The spermogonium is flask-shaped and develop spermatia from the inner layer (Fig. 4.116A). The spermatia behave as male gametes. The spermatium, after liberating from the spermogonium, gets attached with the trichogyne at the sticky projected part. On dissolution of the common wall, the nucleus of spermatium migrates into the carpogonium and fuses with the egg.
Many ascogenous hyphae develop from the basal region of the fertilised ascogonium. The binucleate penultimate cell of the ascogenous hyphae develops into an ascus.
Both the nuclei of penultimate cell fuse and form diploid nucleus (2n), which undergoes first meiotic and then mitotic division — results in eight haploid daughter nuclei. Each haploid nucleus with some cytoplasm metamorphoses into an ascospore.
The asci remain intermingled with some sterile hyphae — the paraphyses. With further development, asci and paraphyses become surrounded by vegetative mycelium and form fruit body.
The fruit body may be ascohymenial type i.e., either apothecium (Fig. 4.117A) as in Parmelia and Anaptychia or perithecium as in Verrucaria and Darmatocarpon or ascolocular type (absence of true hymenium), which is also known as pseudothecia or ascostroma.
Internally, the cup-like (Fig. 4.117B, C) grooved region of a mature apothecium consists of three distinct parts; the middle thecium (= hymenium), comprising of asci and paraphyses, is the fertile zone covered by two sterile zones — the upper epitheca and lower hypotheca. The region below the cup is differentiated like the vegetative thallus into outer cortex, algal zone and central medulla (Fig. 4.117B).
Usually the asci contain eight ascospores (Fig. 4.117C), but the number may be one in Lopadium, two in Endocarpon and even more than eight in Acarospora.
The ascospores may be unicellular or multicellular, uninucleate or multinucleate, and are of various shapes and sizes. After liberating from the ascus, the ascospore germinates in suitable medium and produces new hypha. The new hypha, after coming in contact with proper algal partner, develops into a new thallus.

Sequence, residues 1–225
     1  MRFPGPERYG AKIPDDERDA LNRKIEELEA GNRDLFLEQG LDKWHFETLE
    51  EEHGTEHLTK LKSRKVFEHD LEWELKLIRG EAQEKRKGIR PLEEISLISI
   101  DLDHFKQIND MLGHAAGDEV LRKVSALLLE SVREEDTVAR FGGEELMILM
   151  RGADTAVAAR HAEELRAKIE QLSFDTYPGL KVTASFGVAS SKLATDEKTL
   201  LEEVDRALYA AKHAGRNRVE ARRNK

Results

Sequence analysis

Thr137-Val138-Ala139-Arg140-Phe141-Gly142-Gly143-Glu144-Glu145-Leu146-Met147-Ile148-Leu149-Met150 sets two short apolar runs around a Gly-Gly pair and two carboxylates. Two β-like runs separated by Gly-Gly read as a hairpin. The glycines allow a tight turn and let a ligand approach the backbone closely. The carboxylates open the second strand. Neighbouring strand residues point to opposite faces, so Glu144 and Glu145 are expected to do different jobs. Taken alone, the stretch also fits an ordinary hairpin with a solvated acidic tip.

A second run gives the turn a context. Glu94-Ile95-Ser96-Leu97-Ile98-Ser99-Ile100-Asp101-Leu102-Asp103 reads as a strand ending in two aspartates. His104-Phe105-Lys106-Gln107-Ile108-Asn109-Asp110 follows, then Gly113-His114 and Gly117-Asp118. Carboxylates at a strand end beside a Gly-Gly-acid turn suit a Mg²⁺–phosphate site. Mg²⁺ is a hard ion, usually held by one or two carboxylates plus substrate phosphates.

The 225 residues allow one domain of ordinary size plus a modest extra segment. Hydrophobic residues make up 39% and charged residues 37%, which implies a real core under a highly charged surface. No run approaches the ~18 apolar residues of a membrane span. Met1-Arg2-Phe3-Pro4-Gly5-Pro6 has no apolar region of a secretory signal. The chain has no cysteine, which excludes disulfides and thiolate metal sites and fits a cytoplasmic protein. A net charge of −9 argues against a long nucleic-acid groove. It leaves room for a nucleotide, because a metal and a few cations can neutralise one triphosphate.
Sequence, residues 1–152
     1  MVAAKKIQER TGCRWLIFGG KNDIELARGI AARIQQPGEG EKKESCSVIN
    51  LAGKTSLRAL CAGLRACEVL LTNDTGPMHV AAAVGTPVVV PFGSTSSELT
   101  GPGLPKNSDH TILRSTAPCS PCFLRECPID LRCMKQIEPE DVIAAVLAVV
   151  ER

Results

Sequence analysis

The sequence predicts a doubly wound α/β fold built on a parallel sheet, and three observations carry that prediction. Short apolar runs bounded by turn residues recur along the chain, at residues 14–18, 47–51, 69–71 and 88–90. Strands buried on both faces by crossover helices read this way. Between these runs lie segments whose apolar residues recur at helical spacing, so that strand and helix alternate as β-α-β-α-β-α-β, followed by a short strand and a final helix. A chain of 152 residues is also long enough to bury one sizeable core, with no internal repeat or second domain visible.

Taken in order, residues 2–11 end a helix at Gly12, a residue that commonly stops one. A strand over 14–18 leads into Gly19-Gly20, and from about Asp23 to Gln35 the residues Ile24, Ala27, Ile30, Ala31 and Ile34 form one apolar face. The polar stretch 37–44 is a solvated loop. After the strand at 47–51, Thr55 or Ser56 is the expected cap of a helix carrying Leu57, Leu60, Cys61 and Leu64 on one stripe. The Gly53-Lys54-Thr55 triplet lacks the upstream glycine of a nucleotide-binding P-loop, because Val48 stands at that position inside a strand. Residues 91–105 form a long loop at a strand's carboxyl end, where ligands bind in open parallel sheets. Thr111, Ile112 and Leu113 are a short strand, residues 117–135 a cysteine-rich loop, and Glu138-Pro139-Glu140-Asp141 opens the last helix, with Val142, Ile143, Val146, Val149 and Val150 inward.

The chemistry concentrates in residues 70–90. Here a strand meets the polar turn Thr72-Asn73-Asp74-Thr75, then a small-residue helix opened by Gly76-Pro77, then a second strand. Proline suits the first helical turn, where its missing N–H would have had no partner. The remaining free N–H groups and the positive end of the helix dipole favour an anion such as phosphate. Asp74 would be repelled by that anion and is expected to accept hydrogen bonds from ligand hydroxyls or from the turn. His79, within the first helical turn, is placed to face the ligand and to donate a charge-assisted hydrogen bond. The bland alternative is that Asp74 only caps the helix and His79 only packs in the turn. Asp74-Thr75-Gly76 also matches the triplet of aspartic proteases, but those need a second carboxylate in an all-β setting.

In Basidiolichen (Fig. 4.118), the result of sexual reproduction is the formation of basidiospores that developed on basidium as in typical basidiomycotina. The fungal member (belongs to Thelephoraceae) along with blue green alga, as algal partner forms the thalloid plant body.
The thallus grown over soil produces hypothallus without rhizines, but on tree trunk it grows like bracket fungi (Fig. 4.118A) and differentiates internally into upper cortex, algal layer, medulla and lower fertile region with basidium bearing basidiospores (Fig. 4.118B, C).
Importance of Lichens:
A. Economic Importance of Lichens:
The lichens are useful as well as harmful to mankind. The useful activities are much more than harmful ones. They are useful to mankind in various ways: as food and fodder, as medicine and industrial uses of various kinds.
1. As Food and Fodder:
Lichens are used as food by human being in many parts of the world and also by different animals like snail, catterpiliars, slugs, termites etc. They contain polysaccharide, lichenin; cellulose, vitamin and certain enzymes.
Some uses of lichens are:
(i) As Food:
Some species of Parmelia are used as curry powder in India, Endocarpon miniatum is used as vegetable in Japan, Evernia prunastri for making bread in Egypt, and Cetraria islandica (Iceland moss) as food in Iceland. Others like species of Umbillicaria, Parmelia and Leanora are used as food in different parts of the world. In France, some of the lichens are used in the preparation of chocolates and pastries.
Lichens like Lecanora saxicola and Aspicilia calcarea etc. are used as food by snails, caterpillars, termites, slugs etc.
(ii) As Fodder:
Ramalina traxinea, R. fastigiata, Evernia prunastri, Lobaria pulmo- naria are used as fodder for animals, due to the presence of lichenin, a polysaccharide. Animals of Tundra region, especially reindeer and muskox use Cladonia rangifera (reindeer moss) as their common food. Dried lichens are fed to horses and other animals.
2. As Medicine:
Lichens are medicinally important due to the presence of lichenin and some bitter or astringent substances. The lichens are being used as medicine since pre-Christian time. They have been used in the treatment of jaundice, diarrhoea, fevers, epilepsy, hydrophobia and skin diseases.
Cetraria islandica and Lobaria pulmonaria are used for tuberculosis and other lung diseases; Parmelia sexatilisfor epilepsy; Parmelia perlata for dyspepsia. Cladonia pyxidata for whooping cough; Xanthoria parietina for jaundice and several species of Pertusaria, Cladonia and Cetraria islandica for the treatment of intermittent fever.